[00:08:49] BB: Yes, it should in theory.
[00:08:51] AB: And I think doing your research, obviously, is really important. Specificity in the language of what you're pitching. The other day, I got a pitch for an expert who has some great insight on emerging trends in health tech, which tells me nothing. Right. What's insight? What's the trend?
[00:09:11] BB: Yeah.
[00:09:12] AB: So I think my gripe is just not giving me enough information to make an informed decision, and I don't know if it will waste my time or not. Right. If I don't know what you're suggesting that I write about. And then I guess overhyping of pitches is one thing that comes up a lot.
[00:09:29] BB: Oh, such as?
[00:09:31] AB: So when something is, they're saying it's innovative or groundbreaking or paradigm innovative. It usually is not like a good idea will sell itself. It will speak for itself. And so you got to get rid of the buzzwords. Maybe some people look for it, and that piques their interest. In my case, we just want to be wary of anything that comes off a bit hyperbolic.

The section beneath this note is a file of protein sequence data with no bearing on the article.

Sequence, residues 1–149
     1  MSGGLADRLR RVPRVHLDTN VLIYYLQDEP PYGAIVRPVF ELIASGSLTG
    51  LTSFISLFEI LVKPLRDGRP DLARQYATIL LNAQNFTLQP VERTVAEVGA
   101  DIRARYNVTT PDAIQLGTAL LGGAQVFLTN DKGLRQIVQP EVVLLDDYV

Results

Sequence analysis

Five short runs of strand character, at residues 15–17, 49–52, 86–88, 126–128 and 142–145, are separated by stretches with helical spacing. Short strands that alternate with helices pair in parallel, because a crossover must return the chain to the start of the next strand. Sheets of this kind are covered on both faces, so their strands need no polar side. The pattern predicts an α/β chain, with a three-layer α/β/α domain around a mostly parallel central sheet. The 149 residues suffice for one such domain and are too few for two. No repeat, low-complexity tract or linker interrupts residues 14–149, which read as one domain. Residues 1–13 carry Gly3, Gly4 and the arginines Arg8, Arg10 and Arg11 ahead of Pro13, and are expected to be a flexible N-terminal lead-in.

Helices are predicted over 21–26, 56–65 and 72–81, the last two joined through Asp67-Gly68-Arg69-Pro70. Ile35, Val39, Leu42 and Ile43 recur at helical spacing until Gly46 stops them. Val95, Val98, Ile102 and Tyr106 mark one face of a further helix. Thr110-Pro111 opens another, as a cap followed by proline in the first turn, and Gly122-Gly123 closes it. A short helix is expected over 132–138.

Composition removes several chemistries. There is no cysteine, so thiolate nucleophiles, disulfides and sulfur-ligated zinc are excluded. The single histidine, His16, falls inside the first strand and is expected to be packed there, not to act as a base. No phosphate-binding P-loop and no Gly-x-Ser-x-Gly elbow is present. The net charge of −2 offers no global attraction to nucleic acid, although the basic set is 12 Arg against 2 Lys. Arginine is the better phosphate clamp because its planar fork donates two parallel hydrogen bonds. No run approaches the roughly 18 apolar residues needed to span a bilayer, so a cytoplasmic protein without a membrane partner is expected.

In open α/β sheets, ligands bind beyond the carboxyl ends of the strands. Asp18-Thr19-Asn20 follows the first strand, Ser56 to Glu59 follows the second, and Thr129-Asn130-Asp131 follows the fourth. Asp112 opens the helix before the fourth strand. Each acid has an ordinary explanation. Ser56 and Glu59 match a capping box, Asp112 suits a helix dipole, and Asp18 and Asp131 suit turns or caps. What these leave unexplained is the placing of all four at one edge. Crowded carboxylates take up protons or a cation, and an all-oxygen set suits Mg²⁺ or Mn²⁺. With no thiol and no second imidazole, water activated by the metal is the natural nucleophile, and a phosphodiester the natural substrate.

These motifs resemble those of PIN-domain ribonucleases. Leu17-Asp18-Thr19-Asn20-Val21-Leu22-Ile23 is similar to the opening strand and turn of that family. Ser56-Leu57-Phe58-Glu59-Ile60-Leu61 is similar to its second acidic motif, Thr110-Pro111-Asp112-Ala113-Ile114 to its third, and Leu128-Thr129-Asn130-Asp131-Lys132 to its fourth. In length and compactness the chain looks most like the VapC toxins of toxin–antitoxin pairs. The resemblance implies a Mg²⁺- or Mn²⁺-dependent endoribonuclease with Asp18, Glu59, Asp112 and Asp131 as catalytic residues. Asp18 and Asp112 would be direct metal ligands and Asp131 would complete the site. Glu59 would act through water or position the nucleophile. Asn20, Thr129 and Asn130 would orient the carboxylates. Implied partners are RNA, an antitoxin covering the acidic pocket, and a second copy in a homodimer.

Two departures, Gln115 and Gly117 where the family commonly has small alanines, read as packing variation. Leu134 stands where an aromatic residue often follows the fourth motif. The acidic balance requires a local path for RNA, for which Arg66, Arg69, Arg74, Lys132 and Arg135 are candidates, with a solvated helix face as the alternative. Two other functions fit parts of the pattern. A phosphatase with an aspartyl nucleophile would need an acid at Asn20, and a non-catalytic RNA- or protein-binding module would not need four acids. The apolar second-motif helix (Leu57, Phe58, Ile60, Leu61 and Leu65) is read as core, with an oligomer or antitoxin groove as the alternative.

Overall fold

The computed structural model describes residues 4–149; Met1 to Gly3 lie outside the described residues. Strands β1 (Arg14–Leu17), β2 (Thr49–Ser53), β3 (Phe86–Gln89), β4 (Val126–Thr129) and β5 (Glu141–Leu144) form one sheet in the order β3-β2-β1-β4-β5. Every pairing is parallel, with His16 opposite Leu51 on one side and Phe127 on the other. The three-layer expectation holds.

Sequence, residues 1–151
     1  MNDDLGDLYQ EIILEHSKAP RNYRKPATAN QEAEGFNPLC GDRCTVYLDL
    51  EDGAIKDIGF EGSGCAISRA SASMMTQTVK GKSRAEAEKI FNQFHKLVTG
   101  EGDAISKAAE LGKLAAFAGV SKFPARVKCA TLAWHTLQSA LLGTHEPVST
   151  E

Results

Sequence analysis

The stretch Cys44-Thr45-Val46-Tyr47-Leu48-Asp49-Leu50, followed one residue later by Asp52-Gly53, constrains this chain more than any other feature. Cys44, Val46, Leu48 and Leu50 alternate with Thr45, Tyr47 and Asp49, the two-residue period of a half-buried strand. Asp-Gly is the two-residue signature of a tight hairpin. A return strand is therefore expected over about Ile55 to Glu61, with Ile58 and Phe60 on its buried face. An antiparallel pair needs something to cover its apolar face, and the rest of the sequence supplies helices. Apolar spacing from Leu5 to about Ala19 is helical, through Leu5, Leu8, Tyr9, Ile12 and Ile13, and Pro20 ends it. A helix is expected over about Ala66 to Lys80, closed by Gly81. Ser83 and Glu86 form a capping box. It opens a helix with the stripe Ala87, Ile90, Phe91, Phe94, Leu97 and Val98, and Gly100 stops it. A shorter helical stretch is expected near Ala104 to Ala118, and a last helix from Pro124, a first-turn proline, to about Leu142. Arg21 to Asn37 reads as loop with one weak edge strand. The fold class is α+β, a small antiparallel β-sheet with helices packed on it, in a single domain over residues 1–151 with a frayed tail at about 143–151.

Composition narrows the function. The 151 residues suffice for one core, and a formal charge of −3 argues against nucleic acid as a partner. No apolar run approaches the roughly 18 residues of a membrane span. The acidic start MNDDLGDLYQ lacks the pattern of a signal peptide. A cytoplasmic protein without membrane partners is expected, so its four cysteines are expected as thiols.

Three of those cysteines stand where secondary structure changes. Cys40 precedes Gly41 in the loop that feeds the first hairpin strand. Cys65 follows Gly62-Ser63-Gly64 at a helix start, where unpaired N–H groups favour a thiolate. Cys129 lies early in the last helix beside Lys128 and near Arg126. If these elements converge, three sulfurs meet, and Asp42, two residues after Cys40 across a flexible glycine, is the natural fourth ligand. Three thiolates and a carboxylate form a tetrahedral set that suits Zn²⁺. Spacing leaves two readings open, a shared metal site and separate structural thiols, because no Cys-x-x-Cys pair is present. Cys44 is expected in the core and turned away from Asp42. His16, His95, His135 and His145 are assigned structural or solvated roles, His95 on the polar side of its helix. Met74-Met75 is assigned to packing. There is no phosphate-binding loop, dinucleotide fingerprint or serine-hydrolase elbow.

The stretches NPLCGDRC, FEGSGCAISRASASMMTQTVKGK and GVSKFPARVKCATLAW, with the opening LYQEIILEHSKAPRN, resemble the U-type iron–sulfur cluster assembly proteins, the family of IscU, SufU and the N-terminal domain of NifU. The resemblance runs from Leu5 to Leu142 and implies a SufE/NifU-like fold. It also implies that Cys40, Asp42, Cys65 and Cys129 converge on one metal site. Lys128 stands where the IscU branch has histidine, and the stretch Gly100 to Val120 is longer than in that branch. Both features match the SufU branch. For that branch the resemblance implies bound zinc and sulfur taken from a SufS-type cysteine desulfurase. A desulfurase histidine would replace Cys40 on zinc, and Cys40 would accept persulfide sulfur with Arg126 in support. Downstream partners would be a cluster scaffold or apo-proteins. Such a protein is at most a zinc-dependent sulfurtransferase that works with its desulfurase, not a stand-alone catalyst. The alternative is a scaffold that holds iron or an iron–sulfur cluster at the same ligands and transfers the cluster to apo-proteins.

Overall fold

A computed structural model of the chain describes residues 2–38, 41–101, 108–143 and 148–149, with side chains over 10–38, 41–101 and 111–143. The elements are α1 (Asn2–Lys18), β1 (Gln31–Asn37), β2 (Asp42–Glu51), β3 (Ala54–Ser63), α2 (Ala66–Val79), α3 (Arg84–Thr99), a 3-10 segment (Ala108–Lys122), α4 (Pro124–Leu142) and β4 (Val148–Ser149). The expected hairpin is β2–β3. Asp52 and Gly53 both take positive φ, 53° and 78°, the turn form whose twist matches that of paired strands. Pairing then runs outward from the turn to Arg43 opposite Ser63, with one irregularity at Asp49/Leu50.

[00:09:56] BB: Yeah. That is a fallacy of PR people. Unfortunately, I don't know what that disease is about, but yes.
[00:10:29] BB: Okay, what about exclusives or embargoes?
[00:10:33]: AB: Love both. I mean, as a journalist, obviously, I want to be first to everything. So I'm not ashamed to admit that I do perk up when I see the word exclusive in a subject line. If it's a false advertisement, though, it kind of has the opposite effect of putting me off, so if people are pitching something like an exclusive, everyone is trying a new trend on TikTok. That's not an exclusive story. You get a little upset when you see that. Embargoes are my bread and butter as a health reporter. So most of the big studies are sent to me under embargo, that organizes the bulk of my coverage. It's a word that heavily populates my inbox.